Pride and Prejudice Summary
Jane Austen's novel Pride and Prejudice follows Elizabeth Bennet and her four sisters, who must marry well in order to ensure their financial security.
- Wealthy bachelors Mr. Bingley and Mr. Darcy arrive in Netherfield, much to the excitement of the Bennet daughters. While Bingley is charming and affable, Darcy is cold and prideful, and Elizabeth immediately dislikes him.
When Elizabeth unexpectedly encounters Mr. Darcy again, and he proposes marriage to her. Shocked and offended by his manners and behavior, Elizabeth rejects him.
- Darcy writes Elizabeth a letter explaining his behavior, and she comes to realize she has severely misjudged his character.
Last Updated on December 4, 2018, by eNotes Editorial. Word Count: 1516
In 1813, Jane Austen anonymously published her second—and arguably most popular—novel, Pride and Prejudice. Originally written years earlier as First Impressions, a manuscript she tried but failed to sell, the revised novel was met with instant success.
Despite Pride and Prejudice’s 19th-century setting, its biting wit, sharp eye for the nuances of human relationships, and opposites-attract romance continues to resonate with contemporary readers. The novel has become a fixture in popular culture and has been adapted into countless films, plays, and television series. Even people who don’t know the details of the plot are probably familiar with the novel’s famous opening line: “It is a truth universally acknowledged, that a single man in possession of a good fortune, must be in want of a wife.”
The novel’s main characters, Elizabeth Bennet and Fitzwilliam Darcy, meet at a village ball, where they don’t interact directly but form negative opinions of each other. Darcy dismisses Elizabeth as shallow and uninteresting, while Elizabeth deems Darcy arrogant and rude. As each struggles with mismatched suitors, friendship woes, and family drama, their lives become more intertwined and their relationship shifts from one of mutual loathing to one of mutual respect and love—and they learn that first impressions aren’t always reliable.
When rich bachelor Mr. Charles Bingley moves to the English town of Meryton, one longtime resident, Mrs. Bennet, plots how to get him to marry one of her five daughters—Jane, Elizabeth, Mary, Catherine, and Lydia—much to the annoyance of her inattentive husband, Mr. Bennet. Her eagerness is not unwarranted, however: single women of middle-class status like the Bennets were not allowed to inherit money or property at the time. If the Bennet sisters did not find suitable and financially-secure husbands, they would likely become poor spinsters.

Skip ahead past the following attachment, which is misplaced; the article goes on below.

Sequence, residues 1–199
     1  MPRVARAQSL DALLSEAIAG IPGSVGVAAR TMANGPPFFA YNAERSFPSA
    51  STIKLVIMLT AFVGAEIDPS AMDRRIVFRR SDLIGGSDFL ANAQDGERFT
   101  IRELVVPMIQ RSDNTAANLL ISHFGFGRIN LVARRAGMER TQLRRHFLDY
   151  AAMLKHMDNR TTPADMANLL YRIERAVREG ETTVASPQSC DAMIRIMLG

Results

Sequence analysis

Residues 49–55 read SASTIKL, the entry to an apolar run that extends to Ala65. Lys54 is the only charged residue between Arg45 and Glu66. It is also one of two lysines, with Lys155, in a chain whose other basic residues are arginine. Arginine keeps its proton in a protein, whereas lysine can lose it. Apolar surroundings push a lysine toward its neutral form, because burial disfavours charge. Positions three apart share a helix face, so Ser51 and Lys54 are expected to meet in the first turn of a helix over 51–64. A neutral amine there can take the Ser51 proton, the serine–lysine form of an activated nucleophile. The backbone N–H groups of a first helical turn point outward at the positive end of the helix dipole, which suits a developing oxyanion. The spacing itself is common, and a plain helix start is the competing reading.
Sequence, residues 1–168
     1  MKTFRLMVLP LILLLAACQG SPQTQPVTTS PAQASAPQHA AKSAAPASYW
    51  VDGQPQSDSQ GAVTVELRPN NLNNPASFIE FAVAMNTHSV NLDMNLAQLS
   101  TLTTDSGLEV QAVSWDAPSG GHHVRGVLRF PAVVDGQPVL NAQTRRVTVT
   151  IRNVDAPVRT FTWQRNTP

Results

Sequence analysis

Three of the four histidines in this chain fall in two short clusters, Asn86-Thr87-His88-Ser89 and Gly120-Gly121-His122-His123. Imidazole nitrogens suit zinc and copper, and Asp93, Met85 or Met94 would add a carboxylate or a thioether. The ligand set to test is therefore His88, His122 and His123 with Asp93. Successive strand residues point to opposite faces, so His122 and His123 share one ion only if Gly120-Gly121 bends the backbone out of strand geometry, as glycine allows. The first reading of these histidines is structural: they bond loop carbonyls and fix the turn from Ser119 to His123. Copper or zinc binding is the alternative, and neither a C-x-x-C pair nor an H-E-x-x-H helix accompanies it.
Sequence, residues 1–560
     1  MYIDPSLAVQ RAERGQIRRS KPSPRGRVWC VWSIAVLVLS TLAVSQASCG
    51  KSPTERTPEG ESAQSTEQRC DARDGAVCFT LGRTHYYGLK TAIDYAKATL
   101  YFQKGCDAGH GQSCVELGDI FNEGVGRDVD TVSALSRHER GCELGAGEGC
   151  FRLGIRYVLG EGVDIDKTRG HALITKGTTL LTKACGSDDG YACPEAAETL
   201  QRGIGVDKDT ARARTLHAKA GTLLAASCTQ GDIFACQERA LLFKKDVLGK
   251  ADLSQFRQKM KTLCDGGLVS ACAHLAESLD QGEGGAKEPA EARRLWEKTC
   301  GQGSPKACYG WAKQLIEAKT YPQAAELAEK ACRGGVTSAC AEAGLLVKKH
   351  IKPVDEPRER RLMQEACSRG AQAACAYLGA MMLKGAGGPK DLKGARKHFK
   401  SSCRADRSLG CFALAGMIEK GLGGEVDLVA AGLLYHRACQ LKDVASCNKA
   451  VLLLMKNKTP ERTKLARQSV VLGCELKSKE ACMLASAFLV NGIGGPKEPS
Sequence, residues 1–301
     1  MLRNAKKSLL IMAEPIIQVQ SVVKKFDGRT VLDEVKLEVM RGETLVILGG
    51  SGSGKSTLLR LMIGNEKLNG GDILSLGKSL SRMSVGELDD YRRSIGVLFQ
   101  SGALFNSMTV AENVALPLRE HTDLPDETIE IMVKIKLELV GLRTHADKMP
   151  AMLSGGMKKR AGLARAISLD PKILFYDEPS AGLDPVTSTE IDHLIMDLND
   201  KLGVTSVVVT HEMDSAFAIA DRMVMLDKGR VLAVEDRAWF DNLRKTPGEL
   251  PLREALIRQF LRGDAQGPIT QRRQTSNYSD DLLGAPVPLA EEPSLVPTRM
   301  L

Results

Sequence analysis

The opportunity for the Bennet sisters to meet Mr. Bingley arrives in the form of a ball held in town. Bingley dances with Jane and suggests that his friend Mr. Darcy dance too. But Darcy refuses and insults most of the women in attendance, including Elizabeth, in the process. Gossip has spread about Mr. Darcy’s wealth, which is much greater than Mr. Bingley’s. At first, Mrs. Bennet and those at the ball respect him, but after seeing his manner and refusal to dance, they decide Mr. Darcy is too proud. After the dance, Jane expresses interest in Bingley, and Elizabeth encourages her to pursue him.
When Jane falls ill and is bedridden during a visit to Mr. Bingley's estate, Netherfield, Elizabeth joins her there. The Bennet family become subjects of gossip between Miss Caroline Bingley and Mrs. Hurst, Charles’s sisters, who snobbishly find the less well-to-do family lacking in taste and depth of character. Mr. Darcy, however, has a change of heart about Elizabeth upon discovering her wit, sharp mind, and fine eyes. This angers Caroline Bingley, who wants Mr. Darcy for herself. Mrs. Bennet arrives to see Jane, boasting about Jane’s beauty, and gets in a disagreement with Mr. Darcy, which embarrasses Elizabeth.
After Jane recovers and she and her sister return home, their family receives a surprise visitor: Mr. Collins, who is Mr. Bennet’s cousin and the man who will inherit the Bennet house when Mr. Bennet dies. Mr. Collins regales his relatives (much to their dismay) with stories of his patroness, Lady Catherine de Bourgh. He confides in Mrs. Bennet that he intends to marry one of the Bennet daughters to keep the family house in their name.
During Mr. Collins’s stay, Elizabeth befriends Mr. Wickham, a militia officer who is stationed in town. They discuss Mr. Darcy, whom Mr. Wickham clearly dislikes. He confides in Elizabeth that Darcy’s father was also Wickham’s godfather and left Wickham money in his will when he died. Mr. Wickham claims Mr. Darcy cheated him out of this money, and this further taints Elizabeth’s opinion of Mr. Darcy.